Migrating birds face many threats, including the destruction of key habitats along their routes of passage and, of course, climate change. And many of the indigenous traditions are undervalued and in decline.

The motto of the Flyways album is “migrating birds know no borders.” Beneath this overarching highway live millions of people of different races and religions. The flyway embraces all these cultures, and we feel that the timeless languages of birds and music have the potential to bring us together in common cause. The birds can guide us toward honoring the whole Earth as our home, and the music can awaken the universal heart of humanity. Read more about the project at www.flywaysmusic.org

From BirdLife:

Prominent hunters from Middle East and Africa sign declaration on responsible hunting

By Julien Jreissati, Thu, 05/12/2013 – 11:21

Hunters from Lebanon, Jordan, Syria, Palestine, Egypt, Yemen and Ethiopia have signed a Regional Declaration on Responsible Hunting [1], at a ceremony organised by the BirdLife International and UNDP/GEF Migratory Soaring Birds (MSB) project.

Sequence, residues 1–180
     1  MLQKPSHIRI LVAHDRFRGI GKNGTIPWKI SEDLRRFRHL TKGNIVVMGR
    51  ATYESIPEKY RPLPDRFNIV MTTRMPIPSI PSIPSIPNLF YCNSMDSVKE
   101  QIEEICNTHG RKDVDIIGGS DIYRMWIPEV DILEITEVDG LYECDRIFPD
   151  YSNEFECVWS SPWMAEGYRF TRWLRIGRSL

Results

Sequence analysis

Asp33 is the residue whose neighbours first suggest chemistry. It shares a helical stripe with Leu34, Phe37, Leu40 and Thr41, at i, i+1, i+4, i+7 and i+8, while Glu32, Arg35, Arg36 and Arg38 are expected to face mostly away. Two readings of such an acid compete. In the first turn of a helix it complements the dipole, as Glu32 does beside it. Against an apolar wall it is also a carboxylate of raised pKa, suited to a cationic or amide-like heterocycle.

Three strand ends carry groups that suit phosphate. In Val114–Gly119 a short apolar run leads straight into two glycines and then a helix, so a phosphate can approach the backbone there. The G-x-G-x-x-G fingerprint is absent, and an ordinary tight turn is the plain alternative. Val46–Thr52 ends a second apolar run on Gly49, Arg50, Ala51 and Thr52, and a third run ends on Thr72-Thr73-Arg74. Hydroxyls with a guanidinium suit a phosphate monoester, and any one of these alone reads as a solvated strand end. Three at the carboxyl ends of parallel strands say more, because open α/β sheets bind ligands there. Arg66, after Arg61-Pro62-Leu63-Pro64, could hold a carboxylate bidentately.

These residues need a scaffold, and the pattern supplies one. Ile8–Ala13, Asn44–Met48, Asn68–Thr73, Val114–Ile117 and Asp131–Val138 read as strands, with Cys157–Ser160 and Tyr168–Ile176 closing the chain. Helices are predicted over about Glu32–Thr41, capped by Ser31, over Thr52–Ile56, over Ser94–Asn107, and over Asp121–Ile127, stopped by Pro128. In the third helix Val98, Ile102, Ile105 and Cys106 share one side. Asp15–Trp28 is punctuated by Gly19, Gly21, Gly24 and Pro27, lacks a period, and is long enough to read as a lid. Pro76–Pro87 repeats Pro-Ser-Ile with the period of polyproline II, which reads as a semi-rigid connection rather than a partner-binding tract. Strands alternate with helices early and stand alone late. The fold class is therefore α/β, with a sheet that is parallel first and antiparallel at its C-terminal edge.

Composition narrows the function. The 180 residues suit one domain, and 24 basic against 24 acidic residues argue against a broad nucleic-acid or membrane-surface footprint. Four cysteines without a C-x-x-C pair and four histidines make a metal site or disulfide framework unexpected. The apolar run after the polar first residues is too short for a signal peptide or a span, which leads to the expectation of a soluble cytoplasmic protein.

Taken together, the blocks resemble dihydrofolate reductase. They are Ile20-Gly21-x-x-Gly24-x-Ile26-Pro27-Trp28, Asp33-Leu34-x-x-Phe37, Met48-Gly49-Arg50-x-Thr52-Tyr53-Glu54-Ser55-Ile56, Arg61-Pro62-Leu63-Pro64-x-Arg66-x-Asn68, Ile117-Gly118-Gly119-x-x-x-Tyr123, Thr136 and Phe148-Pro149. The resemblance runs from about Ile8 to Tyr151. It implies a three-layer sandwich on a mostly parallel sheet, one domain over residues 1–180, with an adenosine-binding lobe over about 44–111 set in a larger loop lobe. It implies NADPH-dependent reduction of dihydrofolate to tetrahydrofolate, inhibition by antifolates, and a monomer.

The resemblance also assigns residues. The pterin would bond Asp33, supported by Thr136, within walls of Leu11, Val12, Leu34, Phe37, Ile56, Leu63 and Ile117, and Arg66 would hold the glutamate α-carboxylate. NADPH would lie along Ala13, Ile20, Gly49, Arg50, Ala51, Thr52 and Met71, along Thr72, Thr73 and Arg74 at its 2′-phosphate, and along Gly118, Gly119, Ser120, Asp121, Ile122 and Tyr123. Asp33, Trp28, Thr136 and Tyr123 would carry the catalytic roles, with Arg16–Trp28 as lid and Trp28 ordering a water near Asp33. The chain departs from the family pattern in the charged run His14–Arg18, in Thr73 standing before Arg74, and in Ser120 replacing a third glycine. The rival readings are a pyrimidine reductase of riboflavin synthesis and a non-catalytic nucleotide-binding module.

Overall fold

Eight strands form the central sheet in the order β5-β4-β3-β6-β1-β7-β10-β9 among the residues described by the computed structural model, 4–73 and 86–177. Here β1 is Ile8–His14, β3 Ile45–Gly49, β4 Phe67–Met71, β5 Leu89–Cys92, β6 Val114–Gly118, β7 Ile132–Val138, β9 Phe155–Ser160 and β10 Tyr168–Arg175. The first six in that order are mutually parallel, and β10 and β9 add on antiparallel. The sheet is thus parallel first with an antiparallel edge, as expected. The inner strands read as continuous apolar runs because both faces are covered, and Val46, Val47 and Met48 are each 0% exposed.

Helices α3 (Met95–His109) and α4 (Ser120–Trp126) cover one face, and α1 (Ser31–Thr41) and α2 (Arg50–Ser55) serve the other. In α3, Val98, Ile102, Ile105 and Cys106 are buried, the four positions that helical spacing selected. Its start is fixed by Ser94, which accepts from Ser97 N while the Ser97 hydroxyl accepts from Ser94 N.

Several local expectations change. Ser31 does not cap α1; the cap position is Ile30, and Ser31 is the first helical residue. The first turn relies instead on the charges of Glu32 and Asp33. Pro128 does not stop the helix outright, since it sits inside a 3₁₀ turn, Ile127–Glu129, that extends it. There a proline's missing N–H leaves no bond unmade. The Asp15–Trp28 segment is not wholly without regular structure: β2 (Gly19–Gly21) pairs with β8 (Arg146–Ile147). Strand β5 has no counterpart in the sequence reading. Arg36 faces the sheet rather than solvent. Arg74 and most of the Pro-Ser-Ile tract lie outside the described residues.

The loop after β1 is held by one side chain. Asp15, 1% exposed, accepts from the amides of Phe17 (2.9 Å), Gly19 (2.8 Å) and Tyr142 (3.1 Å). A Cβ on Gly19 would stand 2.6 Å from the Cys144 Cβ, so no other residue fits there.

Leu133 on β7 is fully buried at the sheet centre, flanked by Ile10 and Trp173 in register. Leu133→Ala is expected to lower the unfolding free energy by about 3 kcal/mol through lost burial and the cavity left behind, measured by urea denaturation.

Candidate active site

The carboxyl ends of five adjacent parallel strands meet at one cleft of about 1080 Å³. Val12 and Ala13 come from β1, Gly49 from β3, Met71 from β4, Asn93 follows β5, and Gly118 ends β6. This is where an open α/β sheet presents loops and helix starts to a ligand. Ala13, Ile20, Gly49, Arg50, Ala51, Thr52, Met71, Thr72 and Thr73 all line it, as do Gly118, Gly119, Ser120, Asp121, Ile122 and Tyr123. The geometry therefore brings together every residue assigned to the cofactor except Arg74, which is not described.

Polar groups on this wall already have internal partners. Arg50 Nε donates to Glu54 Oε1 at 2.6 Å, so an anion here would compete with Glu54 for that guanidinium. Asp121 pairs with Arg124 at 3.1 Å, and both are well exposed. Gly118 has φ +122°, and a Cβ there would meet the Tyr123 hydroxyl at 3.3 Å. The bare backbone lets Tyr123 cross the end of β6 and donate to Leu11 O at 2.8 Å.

Under the Patronage of H.E. Mr. Nazem El Khoury, Lebanese Minister of Environment, the ceremony celebrated the adoption of the “Code of Best Practices for Hunters and Hunting Groups for Responsible Hunting and the Full Protection of Migratory Soaring Birds”.

The ceremony was held on the 5th of December 2013 at the Coral Beach Hotel, Beirut, Lebanon. Guests included responsible hunters from the region, and observers from the Lebanese Higher Hunting Council, BirdLife International and BirdLife Partners from attending countries, the Lebanese Ministry of Environment, the European Federation of Associations for Hunting & Conservation (FACE), and the United Nations Development Programme (UNDP).

The ceremony was part of a larger scheme that the MSB project discussed back in October 2011, during the MSB first regional hunting workshop in Beirut, when BirdLife Partners reviewed hunting practices in the region against the background of European experience. In Europe, BirdLife has signed a similar agreement with FACE.